Israel’s clash with Palestine represents a particularly compelling drama for the West. The story of Israel extends far beyond the current conflict, to recount an extraordinary symbiosis between Jewish heritage and European civilization that ended in calamity. From its birth, Israel has borne the scars of the greatest crime ever committed on Europe’s soil. The plight of the Palestinians – the victims of Zionism’s triumph – touches another neuralgic point in the European mind.

Nonetheless, the Israel-Palestine tragedy is unique. It is an absorbing odyssey of two nations with mutually exclusive claims on sacred lands and religious shrines that are central in the lives of millions of people worldwide.

It is also a war of conflicting images, in which both parties claim a monopoly on justice and martyrdom. Jewish persecution, and the way that Zionism has employed it, has become a model for Palestinian nationalism. Catchwords like “exile,” “diaspora,” “Holocaust,” “return,” and “genocide” are now an inextricable component of the Palestinian national ethos.

It is important to note that the Holocaust does not give Israel immunity from criticism, nor can every attack on Israel’s policies be dismissed as anti-Semitism. Prime Minister Binyamin Netanyahu’s Israel is rightly perceived as a status quo state that aspires to have it all: continued control over and settlement of the Palestinian territories and “quiet for quiet” from the Palestinians.

But Hamas’s control within Gaza is equally problematic. In order to end its fatal flirtation with jihadism and bolster stability, Gaza must pursue an economic and political deal with Israel that represses the temptation of war. Just as the rehabilitation of the Egyptian towns along the Suez Canal in the wake of the 1973 Yom Kippur war paved the way for an Israeli-Egyptian peace, a prosperous Gaza would serve the interests of all parties involved – beginning with Israel.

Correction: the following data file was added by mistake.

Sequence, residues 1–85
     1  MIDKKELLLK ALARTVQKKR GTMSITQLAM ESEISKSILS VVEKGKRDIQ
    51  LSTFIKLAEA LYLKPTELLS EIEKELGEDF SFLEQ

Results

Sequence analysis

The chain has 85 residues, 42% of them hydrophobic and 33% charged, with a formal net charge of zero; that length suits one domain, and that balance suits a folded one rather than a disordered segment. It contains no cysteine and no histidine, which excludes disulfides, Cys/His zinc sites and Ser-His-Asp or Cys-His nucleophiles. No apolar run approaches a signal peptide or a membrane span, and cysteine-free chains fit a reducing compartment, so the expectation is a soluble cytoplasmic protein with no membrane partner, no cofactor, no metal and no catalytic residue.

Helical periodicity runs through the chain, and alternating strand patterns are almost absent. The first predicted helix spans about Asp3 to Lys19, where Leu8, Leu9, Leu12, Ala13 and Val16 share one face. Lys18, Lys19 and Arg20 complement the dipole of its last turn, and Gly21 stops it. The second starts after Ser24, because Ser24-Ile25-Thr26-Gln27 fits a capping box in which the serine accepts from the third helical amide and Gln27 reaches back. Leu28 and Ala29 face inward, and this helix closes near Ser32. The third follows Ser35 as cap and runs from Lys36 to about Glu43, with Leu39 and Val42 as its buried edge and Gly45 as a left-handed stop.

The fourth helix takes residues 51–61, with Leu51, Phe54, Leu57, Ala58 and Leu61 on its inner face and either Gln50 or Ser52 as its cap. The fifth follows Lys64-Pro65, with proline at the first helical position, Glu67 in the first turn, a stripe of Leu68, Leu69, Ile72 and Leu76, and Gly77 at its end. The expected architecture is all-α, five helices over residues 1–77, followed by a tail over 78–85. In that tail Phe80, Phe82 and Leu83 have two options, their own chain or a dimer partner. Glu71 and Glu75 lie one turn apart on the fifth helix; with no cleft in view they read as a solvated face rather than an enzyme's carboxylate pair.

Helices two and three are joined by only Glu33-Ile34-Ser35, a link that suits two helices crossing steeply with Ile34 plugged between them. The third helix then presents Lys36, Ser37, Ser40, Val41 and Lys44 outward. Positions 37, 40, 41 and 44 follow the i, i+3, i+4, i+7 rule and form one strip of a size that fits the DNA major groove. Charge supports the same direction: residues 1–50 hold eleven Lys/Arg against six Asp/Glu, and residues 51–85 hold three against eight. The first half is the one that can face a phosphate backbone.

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    1. CommentedJohn Pope

      For all of South Africa's post-apartheid difficulties, the country is better off for taking the long-hard road to equality. We get stronger every day. Hopefully the lessons from Zimbabwe are learned by all stakeholders.

      As for the nub of the essay - the disproportionate umbrage allegedly inflicted on Israel by the West - oh my God, get over yourself Schlomo. The fact that South Africa's greatest apartheid critic, Australia, had a less than savoury treatment of the Australian Aboriginal, did in no way lessen apartheid's sins. Thankfully. The two countries today are the greatest of competitors, and the greatest of friends, and I wish for Israel to feel the respect that South Africans get today, not just from Aussies, but the rest of the world - in sport and in business.

    2. CommentedJohn Pope

      Yea look - interesting question. I'm white South African, and I grew up in the time of apartheid - realising that it was immoral and, just as importantly, unsustainable. I'm also pro Jewish, very pro Jewish, but I can only see the Israeli oppression of Palestine ending in tears and bloodshed unless the Palestinians find themselves a Mandela and Israel grows themselves a De Klerk. Two folk who understood simple arithmetic of the human spirit.